limb

1 [lim]
noun
1.
a part or member of an animal body distinct from the head and trunk, as a leg, arm, or wing: the lower limbs; artificial limbs.
2.
a large or main branch of a tree.
3.
a projecting part or member: the four limbs of a cross.
4.
a person or thing regarded as a part, member, branch, offshoot, or scion of something: a limb of the central committee.
5.
Archery. the upper or lower part of a bow.
6.
Informal. a mischievous child, imp, or young scamp.
verb (used with object)
7.
to cut the limbs from (a felled tree).
Idioms
8.
out on a limb, in a dangerous or compromising situation; vulnerable: The company overextended itself financially and was soon out on a limb.

Origin:
before 900; Middle English, Old English lim; akin to Old Norse lim foliage, limr limb, līmi rod, Latin līmus aslant, līmen threshold

limbless, adjective


1. extremity. 2. See branch.
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limb

2 [lim]
noun
1.
Astronomy. the edge of the disk of the sun, a moon, or a planet.
2.
the graduated edge of a quadrant or similar instrument.
3.
Botany.
a.
the upper spreading part of a gamopetalous corolla.
b.
the expanded portion of a petal, sepal, or leaf.

Origin:
1350–1400; Middle English < Latin limbus; see limbus2, limbo1

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Based on the Random House Dictionary, © Random House, Inc. 2014.
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World English Dictionary
limb1 (lɪm)
 
n
1.  an arm or leg, or the analogous part on an animal, such as a wing
2.  any of the main branches of a tree
3.  a branching or projecting section or member; extension
4.  a person or thing considered to be a member, part, or agent of a larger group or thing
5.  chiefly (Brit) a mischievous child (esp in limb of Satanorlimb of the devil)
6.  out on a limb
 a.  in a precarious or questionable position
 b.  (Brit) isolated, esp because of unpopular opinions
 
vb
7.  (tr) a rare word for dismember
 
[Old English lim; related to Old Norse limr]
 
limbed1
 
adj
 
'limbless1
 
adj

limb2 (lɪm)
 
n
1.  the edge of the apparent disc of the sun, a moon, or a planet
2.  a graduated arc attached to instruments, such as the sextant, used for measuring angles
3.  botany
 a.  the expanded upper part of a bell-shaped corolla
 b.  the expanded part of a leaf, petal, or sepal
4.  either of the two halves of a bow
5.  Also called: fold limb either of the sides of a geological fold
 
[C15: from Latin limbus edge]

Collins English Dictionary - Complete & Unabridged 10th Edition
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Etymonline
Word Origin & History

limb
O.E. lim "limb, joint, main branch of a tree," from P.Gmc. *limu- (cf. O.N. limr "limb," lim "small branch of a tree"), a variant of *liþu- (cf. O.E. liþ, O.Fris. lith, O.N. liðr, Goth. liþus "a limb;" with prefix ga-, source of Ger. glied "limb, member"), from PIE base *lei- "to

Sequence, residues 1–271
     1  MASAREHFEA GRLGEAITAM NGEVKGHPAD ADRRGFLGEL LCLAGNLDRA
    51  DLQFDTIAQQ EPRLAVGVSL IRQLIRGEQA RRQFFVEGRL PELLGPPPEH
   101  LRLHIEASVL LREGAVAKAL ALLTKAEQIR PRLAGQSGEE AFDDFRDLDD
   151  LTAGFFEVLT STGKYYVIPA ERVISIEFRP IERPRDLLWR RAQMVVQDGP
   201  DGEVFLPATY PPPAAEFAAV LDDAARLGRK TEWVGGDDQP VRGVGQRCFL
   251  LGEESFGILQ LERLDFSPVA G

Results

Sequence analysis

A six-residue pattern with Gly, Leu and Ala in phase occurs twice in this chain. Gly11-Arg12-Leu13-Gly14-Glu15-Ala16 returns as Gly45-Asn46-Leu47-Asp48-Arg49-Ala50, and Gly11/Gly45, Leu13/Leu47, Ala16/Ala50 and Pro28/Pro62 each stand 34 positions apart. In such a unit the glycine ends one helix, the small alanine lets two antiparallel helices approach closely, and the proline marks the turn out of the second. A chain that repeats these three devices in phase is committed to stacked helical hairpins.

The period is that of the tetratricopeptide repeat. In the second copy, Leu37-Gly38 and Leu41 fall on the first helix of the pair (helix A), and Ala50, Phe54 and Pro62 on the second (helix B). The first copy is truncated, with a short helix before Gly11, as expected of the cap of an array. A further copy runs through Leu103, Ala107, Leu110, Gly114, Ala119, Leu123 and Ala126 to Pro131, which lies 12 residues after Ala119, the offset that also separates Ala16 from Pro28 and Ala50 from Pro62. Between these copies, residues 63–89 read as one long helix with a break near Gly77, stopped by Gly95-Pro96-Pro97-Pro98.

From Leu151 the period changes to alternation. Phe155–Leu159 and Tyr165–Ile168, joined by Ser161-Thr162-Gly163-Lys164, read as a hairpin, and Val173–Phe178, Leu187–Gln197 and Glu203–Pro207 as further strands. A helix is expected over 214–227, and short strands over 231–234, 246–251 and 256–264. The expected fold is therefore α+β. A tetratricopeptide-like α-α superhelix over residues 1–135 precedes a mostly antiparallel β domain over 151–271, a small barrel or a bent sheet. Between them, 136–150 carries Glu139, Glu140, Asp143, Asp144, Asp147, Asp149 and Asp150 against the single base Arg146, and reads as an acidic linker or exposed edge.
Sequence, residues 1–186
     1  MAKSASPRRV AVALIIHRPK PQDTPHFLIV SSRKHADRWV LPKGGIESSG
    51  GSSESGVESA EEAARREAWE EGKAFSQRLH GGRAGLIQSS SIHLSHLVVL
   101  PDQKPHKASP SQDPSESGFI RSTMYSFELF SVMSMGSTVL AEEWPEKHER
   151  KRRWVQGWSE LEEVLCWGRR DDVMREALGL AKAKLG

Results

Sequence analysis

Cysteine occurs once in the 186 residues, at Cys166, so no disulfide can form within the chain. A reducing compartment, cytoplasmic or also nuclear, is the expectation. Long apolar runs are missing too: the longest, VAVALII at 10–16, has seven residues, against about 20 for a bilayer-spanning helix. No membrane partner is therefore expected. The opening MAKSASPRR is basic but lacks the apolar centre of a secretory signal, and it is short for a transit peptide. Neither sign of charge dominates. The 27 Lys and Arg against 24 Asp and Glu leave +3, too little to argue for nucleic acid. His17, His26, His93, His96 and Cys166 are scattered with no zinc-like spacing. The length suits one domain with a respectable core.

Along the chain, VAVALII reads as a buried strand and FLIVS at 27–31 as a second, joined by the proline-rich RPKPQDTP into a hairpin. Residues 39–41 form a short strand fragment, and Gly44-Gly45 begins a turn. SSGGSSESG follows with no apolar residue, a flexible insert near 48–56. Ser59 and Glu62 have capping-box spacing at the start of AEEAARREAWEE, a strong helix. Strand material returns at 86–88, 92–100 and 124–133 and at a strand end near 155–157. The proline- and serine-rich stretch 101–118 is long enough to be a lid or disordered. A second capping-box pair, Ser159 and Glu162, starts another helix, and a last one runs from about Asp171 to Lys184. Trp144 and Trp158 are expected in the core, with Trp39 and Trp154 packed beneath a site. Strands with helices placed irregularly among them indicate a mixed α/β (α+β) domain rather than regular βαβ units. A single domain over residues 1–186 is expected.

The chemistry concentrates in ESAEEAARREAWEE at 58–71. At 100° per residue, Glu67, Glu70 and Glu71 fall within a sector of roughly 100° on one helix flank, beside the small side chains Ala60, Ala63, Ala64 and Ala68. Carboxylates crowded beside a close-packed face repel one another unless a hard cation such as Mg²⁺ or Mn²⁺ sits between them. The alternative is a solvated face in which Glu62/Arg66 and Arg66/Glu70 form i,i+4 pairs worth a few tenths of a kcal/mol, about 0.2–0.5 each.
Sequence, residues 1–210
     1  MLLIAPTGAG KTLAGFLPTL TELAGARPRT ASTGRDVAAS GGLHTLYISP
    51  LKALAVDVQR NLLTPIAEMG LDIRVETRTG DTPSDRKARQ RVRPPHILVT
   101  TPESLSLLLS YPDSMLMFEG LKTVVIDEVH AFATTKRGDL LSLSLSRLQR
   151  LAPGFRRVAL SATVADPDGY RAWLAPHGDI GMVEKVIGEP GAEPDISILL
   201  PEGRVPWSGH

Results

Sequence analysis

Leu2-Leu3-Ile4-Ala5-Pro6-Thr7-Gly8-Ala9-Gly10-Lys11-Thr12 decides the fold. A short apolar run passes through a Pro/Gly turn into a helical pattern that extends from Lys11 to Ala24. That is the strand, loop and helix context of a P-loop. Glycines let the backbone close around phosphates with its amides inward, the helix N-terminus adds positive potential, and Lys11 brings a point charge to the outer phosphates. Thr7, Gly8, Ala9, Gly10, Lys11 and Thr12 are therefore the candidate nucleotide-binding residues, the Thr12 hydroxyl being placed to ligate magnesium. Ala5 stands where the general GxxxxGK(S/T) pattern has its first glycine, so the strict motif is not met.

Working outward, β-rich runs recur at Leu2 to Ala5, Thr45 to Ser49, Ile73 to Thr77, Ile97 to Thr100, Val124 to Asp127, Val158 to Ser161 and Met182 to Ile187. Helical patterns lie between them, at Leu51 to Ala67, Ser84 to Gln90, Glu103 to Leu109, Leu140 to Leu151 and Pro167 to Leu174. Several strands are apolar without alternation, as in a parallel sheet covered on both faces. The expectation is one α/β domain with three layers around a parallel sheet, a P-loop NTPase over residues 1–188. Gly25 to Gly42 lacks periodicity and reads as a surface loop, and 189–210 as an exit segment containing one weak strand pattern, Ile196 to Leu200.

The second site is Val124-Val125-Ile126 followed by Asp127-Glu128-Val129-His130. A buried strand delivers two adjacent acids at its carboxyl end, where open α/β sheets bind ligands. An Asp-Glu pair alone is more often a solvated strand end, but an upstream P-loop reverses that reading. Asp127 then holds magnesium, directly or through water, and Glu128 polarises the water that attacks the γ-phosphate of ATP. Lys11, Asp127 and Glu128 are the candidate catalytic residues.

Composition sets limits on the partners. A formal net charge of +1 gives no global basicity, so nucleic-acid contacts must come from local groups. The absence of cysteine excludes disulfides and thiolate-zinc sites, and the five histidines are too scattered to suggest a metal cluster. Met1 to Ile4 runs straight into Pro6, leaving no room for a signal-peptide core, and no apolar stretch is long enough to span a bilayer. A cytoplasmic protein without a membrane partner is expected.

bend, be movable, be nimble." The parasitic -b began to appear late 1500s for no reason. In O.E., M.E., and until lately in dial., it could mean "any visible body part."
"The lymmes of generacion were shewed manyfestly." [Caxton, "The subtyl historyes and fables of Esope, Auyan, Alfonce, and Poge," 1484]
Hence, limb-lifter "fornicator" (1570s). To go out on a limb in figurative sense is from 1897. Life and limb in ref. to the body inclusively is from c.1200.

limb
1590s, "edge of a quadrant or other instrument," from L. limbus "border, hem, fringe, edge," cognate with Skt. lambate "hangs down," English limp. Astronomical sense of "edge of the disk of a heavenly body" first attested 1670s.
Online Etymology Dictionary, © 2010 Douglas Harper
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American Heritage
Medical Dictionary

limb (lĭm)
n.

  1. One of the paired jointed extremities of the body; an arm or a leg.

  2. A segment of such a jointed structure.

The American Heritage® Stedman's Medical Dictionary
Copyright © 2002, 2001, 1995 by Houghton Mifflin Company. Published by Houghton Mifflin Company.
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American Heritage
Science Dictionary
limb   (lĭm)  Pronunciation Key 
  1. One of the appendages of an animal, such as an arm of a starfish, the flipper of dolphins, or the arm and leg of a human, used for locomotion or grasping.

  2. The expanded tip of a plant organ, such as a petal or corolla lobe.

  3. The circumferential edge of the apparent disk of a celestial body.


The American Heritage® Science Dictionary
Copyright © 2002. Published by Houghton Mifflin. All rights reserved.
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Example sentences
In autumn, the leaves drop to reveal the bare limbs.
In other words, humans coordinate locomotion of the lower limbs with voluntary
  movements of the upper limbs.
Half will likely experience damage to the nerves in their limbs.
Many mice and other small animals caught by glue traps end up gnawing off limbs
  or tearing skin in an attempt to escape.
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